Monthly Archives: October 2011

Camp Coyote: Where to Now?

(un)Occupy Albuquerque’s Camp Coyote, aka UNM Yale Park, will have to find a new home base. Tuesday night’s arrests drove the local Occupy Wall Street movement from its peaceful occupation of the park.

The group did not go quietly. Chants of “We are the 99%” filled Scholes Hall Tuesday as two movement representatives met with UNM President Schmidly for a half hour without success. Renewal permit denied. Riot police cleared Camp Coyote at night, arresting dozens of nonviolent resisters. During Wednesday’s General Assembly – the group’s consensus process – UNM announced persons associated with (un)Occupy Albuquerque would be barred from Yale Park. On Thursday the park was closed to everyone. So where will the local Occupy movement hold General Assemblies and daytime gatherings? Can (un)Occupy Albuquerque locate a private or public property from which to establish a continuous presence?

Camp Coyote included protest banners, an information kiosk and a kitchen for feeding the homeless. Will the new site be able to include these?

And where will the dozen or so homeless persons who slept at Camp Coyote go? Local overnight shelters are filled to capacity. The City’s emergency overnight shelter, which has space for homeless persons who can pass an alcohol breathalizer test, opens in November. But where will intoxicated homeless persons sleep? Should they be abandoned because they do something the rest of us can do if we wish – drink at home? This is a question which may elicit surprise from many, yet it is a question which will be asked by those concerned with winter deaths of homeless persons sleeping outside.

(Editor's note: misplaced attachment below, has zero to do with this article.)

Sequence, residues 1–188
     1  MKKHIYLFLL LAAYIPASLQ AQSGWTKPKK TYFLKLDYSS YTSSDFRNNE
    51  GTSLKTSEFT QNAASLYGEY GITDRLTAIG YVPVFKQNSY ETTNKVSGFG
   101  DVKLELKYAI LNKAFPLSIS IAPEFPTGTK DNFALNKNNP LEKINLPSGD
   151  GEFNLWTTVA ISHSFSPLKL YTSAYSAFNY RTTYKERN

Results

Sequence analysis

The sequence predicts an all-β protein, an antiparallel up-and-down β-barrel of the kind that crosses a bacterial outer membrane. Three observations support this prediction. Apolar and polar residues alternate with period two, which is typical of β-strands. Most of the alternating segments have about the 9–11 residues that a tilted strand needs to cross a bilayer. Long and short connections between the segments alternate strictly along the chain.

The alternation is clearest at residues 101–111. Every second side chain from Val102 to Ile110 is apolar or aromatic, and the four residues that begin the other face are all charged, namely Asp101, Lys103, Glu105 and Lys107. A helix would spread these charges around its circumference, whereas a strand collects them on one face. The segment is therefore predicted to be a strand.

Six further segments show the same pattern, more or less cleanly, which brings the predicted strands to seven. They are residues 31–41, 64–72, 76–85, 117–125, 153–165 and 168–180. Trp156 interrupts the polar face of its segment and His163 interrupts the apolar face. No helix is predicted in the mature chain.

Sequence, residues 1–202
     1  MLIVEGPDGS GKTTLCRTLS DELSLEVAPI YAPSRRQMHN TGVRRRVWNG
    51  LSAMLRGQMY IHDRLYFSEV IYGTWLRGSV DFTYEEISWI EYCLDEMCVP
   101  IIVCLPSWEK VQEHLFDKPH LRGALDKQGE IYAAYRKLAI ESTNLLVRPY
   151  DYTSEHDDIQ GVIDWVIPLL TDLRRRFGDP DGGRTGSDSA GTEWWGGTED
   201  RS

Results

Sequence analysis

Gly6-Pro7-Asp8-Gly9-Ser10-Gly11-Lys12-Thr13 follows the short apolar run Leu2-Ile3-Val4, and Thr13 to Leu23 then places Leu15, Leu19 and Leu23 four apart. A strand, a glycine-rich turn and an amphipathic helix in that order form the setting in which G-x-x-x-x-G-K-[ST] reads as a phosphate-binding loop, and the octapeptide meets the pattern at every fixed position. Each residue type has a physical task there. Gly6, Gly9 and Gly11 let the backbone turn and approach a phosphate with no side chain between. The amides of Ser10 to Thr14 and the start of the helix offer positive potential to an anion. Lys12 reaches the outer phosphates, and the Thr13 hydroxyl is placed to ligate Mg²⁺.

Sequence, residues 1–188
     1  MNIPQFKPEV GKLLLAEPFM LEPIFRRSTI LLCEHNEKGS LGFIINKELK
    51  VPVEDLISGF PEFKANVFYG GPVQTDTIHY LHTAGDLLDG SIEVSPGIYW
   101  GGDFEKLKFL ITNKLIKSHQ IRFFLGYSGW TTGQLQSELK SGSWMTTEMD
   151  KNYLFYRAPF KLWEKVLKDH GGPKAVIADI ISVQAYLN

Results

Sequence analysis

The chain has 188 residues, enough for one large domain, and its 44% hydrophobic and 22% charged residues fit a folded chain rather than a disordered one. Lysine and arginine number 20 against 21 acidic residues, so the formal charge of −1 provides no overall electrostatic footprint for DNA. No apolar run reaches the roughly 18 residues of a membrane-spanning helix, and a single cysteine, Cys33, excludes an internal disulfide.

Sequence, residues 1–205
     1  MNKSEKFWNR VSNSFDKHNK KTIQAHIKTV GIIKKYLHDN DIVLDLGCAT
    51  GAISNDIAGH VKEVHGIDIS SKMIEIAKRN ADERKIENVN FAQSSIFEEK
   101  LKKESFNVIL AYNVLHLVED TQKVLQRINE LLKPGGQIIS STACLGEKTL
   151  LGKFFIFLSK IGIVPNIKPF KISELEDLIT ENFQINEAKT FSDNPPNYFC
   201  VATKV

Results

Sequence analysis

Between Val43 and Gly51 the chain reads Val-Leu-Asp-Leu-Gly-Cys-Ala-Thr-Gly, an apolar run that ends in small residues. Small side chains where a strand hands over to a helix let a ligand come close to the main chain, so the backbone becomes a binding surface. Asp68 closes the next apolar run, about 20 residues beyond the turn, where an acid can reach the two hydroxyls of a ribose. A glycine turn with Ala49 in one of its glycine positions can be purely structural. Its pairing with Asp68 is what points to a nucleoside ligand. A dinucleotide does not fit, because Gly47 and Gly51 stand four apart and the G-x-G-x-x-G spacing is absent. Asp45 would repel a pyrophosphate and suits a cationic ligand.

Finally, will (un)Occupy Albuquerque continue its protests without a home base? Can the movement continue to grow protest events through Facebook and Twitter announcements alone? These questions and others will be decided in future General Assemblies, at a location yet to be decided.

Will Camp Coyote survive? If so, how and where?


ugh! personal transformation!

Blending personal and social transformation gives me the creeps.

I’d rather not admit my privilege – the social advantage granted to those born into the dominant white male  class – does not offer me one-upmanship in Occupy (insert city here) General Assemblies.  I prefer to believe my ideas and arguments are best, especially when clearly they are not.

Activists of color have pointedly observed my frequent agreement with other activists who also share white male privilege. I really don’t like this, but afterwards I often agree. Sorta. Mostly. Okay, as best I can, entirely.

Bit by bit I come to understand that social transformation first requires personal transformation. No more blind adherence to white male modes of thinking and social interaction! As my favorite graffito says: To fix the world, fix yourself.

And personal transformation can begin with confession. Ugh!